3 Reasons Why Horror Has a Special Place in Culture

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Regina Wheeler is a writer and editor at Write my case study and Thesis writing service. She is also a contributing writer for Next Coursework. As an eLearning consultant, she specializes in Gothic Literature, film studies, and theater.


Who doesn’t love a good horror flick, or a good horror tale, every once in a while?

One of the main attractions in fiction and fantasy, horror movies take every opportunity to portray the dark sides of life as a means to scary onlookers. Such tactics include:

  • Horrific and graphic images
  • Subliminal messages
  • The use of supernatural creatures (i.e., werewolves, vampires, aliens, etc.)

Film greats like John Carpenter and Wes Craven demonstrate such monstrosities in their movies, thus bringing people’s “nightmares” to life. While the genre’s audience is often reserved for an older audience, there are always younger audiences who are tempted to step into this world of horror despite warnings from their parents.

Closer Look At Horror In Culture

From futuristic elements, to religious (or political) themes, to mindless violence, horror can take many forms. As a result, the horror genre has worked its way into culture, no matter the audience, and no matter the country.

With that in mind, this article will delve deeper into why horror has a special place in culture. So, let’s explore the forbidden and the insane by examining the 3 main reasons why horror is part of the culture:

  • There are many interpretations of horror.
  • People are exploring the darker side of humanity. AND,
  • People purify their emotions with their exposures to horror.

So, if you’re brave enough, let’s jump right in!

  1. Many Interpretations Of Horror

“Horror is never a one-size-fits-all ideology,” says Courtney Phillips, a culture writer at Write my X  and 1 Day 2 write. “For example, while some people may boast that zombies are scary, other people may point to insanity as a horrific thing. Therefore, there are many interpretations of what horror is. This is especially true in various cultures – all some cultures see one thing as horrific; others will boast otherwise. Ultimately, these differentiations create a fruitful selection of horrors for artists and filmmakers to shed light on, and for audiences to explore.”

  1. Exploring The Darker Side Of Humanity

Throughout the centuries, horror has been explored within genres, whether it be in romances, fiction, nonfiction, and so on. Even in genres that give the reader a sense of euphoria, that feeling can potentially open the door to horror, when executed well.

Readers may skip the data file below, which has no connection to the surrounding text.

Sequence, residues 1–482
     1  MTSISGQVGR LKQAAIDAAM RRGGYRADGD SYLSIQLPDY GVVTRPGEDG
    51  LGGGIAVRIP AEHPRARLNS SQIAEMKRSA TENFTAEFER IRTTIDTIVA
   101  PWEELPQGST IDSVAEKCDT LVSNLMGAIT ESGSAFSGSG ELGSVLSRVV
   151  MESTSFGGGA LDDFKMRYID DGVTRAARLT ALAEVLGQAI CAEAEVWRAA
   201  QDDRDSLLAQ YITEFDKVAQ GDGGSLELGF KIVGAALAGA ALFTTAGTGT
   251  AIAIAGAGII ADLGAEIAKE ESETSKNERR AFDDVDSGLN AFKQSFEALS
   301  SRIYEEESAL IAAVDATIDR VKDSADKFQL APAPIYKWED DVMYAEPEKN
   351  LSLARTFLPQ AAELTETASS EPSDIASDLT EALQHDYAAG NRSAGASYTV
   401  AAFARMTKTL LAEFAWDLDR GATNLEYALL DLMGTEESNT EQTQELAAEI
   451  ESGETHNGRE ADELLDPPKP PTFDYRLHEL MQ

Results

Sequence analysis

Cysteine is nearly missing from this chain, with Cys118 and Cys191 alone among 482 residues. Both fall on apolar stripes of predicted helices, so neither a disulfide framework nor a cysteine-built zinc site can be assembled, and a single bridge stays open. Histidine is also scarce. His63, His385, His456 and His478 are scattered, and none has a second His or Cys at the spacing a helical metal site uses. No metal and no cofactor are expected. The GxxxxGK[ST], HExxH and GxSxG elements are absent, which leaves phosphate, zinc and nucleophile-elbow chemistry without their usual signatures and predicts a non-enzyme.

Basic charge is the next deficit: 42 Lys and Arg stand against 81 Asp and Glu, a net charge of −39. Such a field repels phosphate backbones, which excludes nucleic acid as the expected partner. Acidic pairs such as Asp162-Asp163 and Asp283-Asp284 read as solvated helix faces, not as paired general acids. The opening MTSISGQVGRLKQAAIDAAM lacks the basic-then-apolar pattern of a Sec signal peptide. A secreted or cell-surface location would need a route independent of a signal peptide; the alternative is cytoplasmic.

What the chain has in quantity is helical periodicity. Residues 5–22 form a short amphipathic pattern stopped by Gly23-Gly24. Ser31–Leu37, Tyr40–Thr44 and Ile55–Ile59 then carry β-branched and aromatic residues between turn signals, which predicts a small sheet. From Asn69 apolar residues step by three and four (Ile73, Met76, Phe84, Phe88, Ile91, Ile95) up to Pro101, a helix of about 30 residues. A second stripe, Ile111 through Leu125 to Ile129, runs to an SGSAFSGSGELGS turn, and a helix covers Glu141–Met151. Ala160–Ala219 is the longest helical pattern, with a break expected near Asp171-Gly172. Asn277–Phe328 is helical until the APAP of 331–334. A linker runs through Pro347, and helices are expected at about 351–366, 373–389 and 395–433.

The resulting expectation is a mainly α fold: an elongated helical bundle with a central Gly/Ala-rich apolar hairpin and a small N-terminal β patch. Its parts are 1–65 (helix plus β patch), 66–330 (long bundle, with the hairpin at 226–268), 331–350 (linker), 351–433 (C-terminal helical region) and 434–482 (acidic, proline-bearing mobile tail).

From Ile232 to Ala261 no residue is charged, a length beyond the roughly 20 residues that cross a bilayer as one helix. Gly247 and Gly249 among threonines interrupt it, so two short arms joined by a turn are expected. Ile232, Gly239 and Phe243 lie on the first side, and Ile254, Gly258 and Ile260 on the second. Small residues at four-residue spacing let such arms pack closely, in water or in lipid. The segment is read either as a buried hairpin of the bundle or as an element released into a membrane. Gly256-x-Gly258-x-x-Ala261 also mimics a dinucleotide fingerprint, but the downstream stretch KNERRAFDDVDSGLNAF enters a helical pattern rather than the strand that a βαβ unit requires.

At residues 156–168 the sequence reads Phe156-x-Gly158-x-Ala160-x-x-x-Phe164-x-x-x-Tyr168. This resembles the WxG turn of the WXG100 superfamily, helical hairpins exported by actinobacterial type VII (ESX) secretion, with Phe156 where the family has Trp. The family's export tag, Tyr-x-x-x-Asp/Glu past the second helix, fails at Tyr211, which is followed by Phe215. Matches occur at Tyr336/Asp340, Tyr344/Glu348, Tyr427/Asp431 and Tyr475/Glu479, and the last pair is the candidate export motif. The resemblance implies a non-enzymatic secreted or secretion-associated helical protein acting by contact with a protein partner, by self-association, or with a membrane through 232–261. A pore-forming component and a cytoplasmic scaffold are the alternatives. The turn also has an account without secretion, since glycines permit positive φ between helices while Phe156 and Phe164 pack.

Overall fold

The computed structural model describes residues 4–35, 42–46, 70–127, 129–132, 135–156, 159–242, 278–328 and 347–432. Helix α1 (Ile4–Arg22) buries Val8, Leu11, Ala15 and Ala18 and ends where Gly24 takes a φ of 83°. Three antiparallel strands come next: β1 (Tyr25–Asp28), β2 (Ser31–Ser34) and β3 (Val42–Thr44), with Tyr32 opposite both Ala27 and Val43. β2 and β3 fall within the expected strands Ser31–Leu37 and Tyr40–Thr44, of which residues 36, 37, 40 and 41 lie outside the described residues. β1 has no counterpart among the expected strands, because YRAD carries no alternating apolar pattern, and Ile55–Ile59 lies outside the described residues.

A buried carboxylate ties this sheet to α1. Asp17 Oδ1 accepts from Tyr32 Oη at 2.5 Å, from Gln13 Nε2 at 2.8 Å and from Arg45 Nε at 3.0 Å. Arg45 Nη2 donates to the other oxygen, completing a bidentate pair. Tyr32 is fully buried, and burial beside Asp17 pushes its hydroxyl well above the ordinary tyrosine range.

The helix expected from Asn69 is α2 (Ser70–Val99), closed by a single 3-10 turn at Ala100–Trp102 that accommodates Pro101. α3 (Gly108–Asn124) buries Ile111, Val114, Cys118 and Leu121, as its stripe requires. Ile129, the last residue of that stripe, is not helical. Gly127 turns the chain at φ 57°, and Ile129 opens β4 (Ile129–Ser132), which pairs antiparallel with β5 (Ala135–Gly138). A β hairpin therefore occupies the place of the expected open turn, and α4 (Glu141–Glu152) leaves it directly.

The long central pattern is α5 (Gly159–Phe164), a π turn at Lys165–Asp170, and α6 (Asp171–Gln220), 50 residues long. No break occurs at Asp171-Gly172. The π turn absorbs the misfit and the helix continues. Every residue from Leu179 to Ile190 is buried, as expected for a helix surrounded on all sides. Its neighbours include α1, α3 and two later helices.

However, the biggest drive in developing horror is with imagination. Everyone has imagination. Though, some people use that imagination to create visuals that are disturbing, creepy, and dark.

For example, Edgar Allan Poe is widely known for his shocking and disturbing tales like:

  • The Masque of the Red Death
  • The Fall of the House of Usher
  • The Tell-Tale Heart
  • “The Raven” (poem)

In many of his written works (some adapted to film), the horror that Poe presents associates with sadness, loss, and weirdness in poetry, while his prose often evokes passion, terror, and or horror.

As a result, the spectator – the audience – are swept into the crossfire of anything from madness, to sadness, to death, among other horrific themes. With the audience being forced to confront these feelings all at once, the darker side of humanity is present, with horror being anything that anyone will imagine it.

  1. Purifying Emotions

“When experiencing horror art or film, some people will experience catharsis, a means to purge emotions – mainly fear and sadness – and be renewed and restored emotionally,” says Darling Jenner, an arts blogger at Origin Writings and Brit Student. “In Ancient Greece, death was a common theme in tragedies, and how a character dies portrays significant horror which makes that theme out and clear for audiences. However, the death itself has people thinking of how they’ve felt, and then feeling purified from their previous emotions after the experience. Today, horror can either make you think, or make you experience a high that shakes off any trauma while you enjoy the adrenaline rush.”

In short, horror gives people that feeling of excitement and danger, because the body is being prepped to let go of any other feeling, thus creating catharsis in the viewer or reader.


Horror can be a complex genre, forming in different genres (and subgenres) to profess its dominance in a story or film. With many horror tales and movies to date, this genre has already worked its way into culture – many, to be realistic, thus categorizing it as a form of art, based on its critical and public (especially the fanbases) reception.